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Revocation of Gov’t Health Care for Felonious Lawmakers Awaiting Guv’s Signature

Currently, all former members of the Legislature — even those convicted of crimes while in office — are allowed to participate in the state health insurance program. The bill is not retroactive.

Legislators convicted of serious corruption-related crimes would not be allowed to subsequently participate in the state’s health insurance system under a proposal that has cleared the Tennessee General Assembly.

The House passed the measure 91-4 Monday. The Senate passed it unanimously last week.

“The intent of this legislation is to conserve and save money for the state as well as provide additional incentive for members of the legislature not to commit felonies that involve their office,” Rep. Vance Dennis, R-Savannah, said on the House floor Monday.

Currently, all former members of the legislature are allowed to participate in the state health insurance program if they pay a portion of the premium, with taxpayers picking up the tab for the rest of the bill. Immediate family members are also covered.

The legislation approved by the General Assembly would only apply to future legislators who commit a felony in their official capacity as an elected officeholder; lawmakers convicted of felonies unrelated to the execution of their duties and privileges in the Capitol– or prior to enactment of the legislation — would still be eligible for taxpayer-financed health care.

The bill does not affect the coverage of family members of legislators who are stripped of their health coverage.

Rep. Larry Miller, a Memphis Democrat, was the only House member to criticize the legislation during Monday’s House floor session. He complained that the measure only covers legislators and not members of the executive or judicial branches.

After announcing he was going to vote against the bill, Miller added, “What you are doing is profiling this General Assembly. I think it’s finger-pointing. We have a legislator who is saying to the public that we’re not good enough and we can’t trust ourselves and one another.’ That’s what this is implying. ”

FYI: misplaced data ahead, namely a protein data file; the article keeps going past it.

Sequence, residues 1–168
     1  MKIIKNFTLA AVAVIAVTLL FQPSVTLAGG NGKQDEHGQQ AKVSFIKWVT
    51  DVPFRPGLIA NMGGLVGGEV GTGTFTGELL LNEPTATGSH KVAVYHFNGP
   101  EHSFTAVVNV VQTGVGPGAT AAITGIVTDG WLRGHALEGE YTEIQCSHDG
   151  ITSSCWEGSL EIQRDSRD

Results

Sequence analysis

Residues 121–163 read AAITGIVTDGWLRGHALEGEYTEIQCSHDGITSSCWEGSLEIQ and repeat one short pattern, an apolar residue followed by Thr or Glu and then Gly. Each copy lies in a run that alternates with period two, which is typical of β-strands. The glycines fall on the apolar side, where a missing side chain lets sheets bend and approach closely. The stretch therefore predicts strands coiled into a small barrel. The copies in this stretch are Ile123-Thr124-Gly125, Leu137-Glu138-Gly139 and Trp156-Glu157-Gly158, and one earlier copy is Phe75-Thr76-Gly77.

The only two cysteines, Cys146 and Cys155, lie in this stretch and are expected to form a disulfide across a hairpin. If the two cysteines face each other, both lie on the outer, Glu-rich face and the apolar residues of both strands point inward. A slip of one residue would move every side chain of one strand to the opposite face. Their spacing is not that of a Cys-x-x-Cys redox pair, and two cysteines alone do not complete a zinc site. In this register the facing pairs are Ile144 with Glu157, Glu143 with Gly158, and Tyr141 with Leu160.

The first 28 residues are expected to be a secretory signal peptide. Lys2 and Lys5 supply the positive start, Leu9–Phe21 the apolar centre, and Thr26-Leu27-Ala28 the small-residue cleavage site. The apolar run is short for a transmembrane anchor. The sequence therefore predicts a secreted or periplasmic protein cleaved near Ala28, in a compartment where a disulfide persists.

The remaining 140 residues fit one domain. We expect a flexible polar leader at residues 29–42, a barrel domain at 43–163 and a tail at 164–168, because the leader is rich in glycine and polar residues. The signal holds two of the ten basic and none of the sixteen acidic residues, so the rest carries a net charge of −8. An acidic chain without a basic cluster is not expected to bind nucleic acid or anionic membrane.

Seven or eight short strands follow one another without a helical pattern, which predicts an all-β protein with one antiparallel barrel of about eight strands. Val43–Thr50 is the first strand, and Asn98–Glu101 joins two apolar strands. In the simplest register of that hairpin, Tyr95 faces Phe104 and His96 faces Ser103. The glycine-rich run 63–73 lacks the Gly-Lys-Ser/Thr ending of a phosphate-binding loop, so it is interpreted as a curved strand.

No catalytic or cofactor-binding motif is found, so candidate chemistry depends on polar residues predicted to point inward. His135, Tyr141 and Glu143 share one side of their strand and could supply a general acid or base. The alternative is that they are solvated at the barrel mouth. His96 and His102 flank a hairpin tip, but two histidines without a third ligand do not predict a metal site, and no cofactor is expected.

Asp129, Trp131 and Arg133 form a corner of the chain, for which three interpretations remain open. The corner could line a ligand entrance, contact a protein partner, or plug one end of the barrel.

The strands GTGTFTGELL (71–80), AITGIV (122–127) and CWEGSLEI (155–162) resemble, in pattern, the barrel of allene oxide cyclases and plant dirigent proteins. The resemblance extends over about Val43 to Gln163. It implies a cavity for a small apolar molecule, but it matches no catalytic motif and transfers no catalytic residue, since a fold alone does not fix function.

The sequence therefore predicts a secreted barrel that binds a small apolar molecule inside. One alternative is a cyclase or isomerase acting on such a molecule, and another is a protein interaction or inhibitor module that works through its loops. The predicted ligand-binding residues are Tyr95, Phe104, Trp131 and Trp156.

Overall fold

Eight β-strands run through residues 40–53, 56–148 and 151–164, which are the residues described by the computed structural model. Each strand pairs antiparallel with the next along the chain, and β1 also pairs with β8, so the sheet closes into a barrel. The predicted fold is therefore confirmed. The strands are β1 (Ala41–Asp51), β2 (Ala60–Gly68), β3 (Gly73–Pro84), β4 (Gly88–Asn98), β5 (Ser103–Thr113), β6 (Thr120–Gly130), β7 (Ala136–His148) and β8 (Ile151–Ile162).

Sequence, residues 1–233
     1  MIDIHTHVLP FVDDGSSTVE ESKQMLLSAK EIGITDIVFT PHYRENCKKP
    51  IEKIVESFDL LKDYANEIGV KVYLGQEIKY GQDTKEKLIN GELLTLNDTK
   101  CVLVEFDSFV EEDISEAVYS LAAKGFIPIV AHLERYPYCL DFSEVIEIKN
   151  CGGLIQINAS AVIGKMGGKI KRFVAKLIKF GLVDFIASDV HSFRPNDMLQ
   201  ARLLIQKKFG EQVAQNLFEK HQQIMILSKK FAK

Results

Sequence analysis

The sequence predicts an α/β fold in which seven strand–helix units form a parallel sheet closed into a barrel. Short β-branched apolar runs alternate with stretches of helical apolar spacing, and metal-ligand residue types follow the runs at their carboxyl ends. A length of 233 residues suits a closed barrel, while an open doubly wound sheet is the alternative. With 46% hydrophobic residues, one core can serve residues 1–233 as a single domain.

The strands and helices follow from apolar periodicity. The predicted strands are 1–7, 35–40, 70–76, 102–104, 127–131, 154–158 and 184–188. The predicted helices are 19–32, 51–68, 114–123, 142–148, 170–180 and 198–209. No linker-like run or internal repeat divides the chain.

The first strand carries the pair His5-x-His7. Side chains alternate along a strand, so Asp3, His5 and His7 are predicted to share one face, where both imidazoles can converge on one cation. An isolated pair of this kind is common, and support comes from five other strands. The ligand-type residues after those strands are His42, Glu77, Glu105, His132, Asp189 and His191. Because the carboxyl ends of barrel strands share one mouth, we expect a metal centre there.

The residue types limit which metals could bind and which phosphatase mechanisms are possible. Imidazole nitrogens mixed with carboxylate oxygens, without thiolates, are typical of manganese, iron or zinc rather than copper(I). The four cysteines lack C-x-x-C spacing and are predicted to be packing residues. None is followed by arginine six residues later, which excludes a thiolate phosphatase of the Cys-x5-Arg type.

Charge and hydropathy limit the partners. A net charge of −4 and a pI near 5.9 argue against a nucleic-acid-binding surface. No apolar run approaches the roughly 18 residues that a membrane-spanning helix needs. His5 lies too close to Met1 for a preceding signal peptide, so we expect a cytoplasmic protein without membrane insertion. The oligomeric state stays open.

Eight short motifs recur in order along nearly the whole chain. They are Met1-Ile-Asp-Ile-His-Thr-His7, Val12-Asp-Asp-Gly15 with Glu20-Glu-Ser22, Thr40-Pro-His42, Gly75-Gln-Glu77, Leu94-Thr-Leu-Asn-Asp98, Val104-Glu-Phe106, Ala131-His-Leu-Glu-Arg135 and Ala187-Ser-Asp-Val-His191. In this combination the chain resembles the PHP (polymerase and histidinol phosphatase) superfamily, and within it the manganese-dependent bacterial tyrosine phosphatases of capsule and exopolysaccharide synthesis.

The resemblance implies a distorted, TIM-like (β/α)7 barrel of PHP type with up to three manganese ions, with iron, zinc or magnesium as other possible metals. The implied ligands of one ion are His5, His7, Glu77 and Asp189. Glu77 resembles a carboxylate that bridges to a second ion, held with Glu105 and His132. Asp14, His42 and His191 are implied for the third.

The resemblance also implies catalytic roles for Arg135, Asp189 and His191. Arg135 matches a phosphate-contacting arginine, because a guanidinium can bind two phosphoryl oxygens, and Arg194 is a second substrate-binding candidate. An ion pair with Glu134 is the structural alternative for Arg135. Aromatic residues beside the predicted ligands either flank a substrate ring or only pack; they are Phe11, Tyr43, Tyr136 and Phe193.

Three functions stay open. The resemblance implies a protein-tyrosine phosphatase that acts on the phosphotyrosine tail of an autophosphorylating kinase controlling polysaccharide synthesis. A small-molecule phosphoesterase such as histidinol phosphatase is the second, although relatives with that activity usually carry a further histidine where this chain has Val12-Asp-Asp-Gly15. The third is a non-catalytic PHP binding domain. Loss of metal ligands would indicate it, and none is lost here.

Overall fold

Miller, however, later voted in favor of the bill, according to the General Assembly’s website.

Miller’s spirited defense of future legislators who run afoul of state and federal corruption laws was met with a fair amount of derision. Supporters of the bill voiced their belief that politicians ought to “lead by example,” and that bribe-taking lawmakers aren’t typically a class of Americans that voters and taxpayers tend to regard as victims of rampant injustice.

More than one advocate of the legislation noted that a lawmaker can avoid losing his or her heavily subsidized health insurance by simply not breaking the law.

Rep. Gerald McCormick, R-Chattanooga, referenced the FBI’s “Tennessee Waltz” sting in 2005, which led to the convictions of five former state lawmakers on bribery charges, when defending the bill’s focus on members of the Tennessee General Assembly, and not members of other branches or levels of government.

“The governor didn’t do it. Executive branch people didn’t do it,” McCormick said. “Legislators did it; People who were elected by the people of this state literally — just scoffed — just spit in (voters’) faces. Stole money. If we won’t police ourselves, there’s no one else with the power to police us. If we get slacker and slacker and slacker, and we get in the same old habits, then we’re going to have someone who thinks, ‘Well, no one is watching us, and we’re the ones that make the rules, anyway’…and it will happen again.”

The four votes against the legislation came from Rep. Joanne Favors, D-Chattanooga, Rep. Tommie Brown, D-Chattanooga, Rep. Johnnie Turner, D-Memphis, and Rep. Barbara Cooper, D-Memphis, none of whom rose to defend their votes during the floor session.

Rep. Mary Pruitt, D-Nashville, voted present but not voting.

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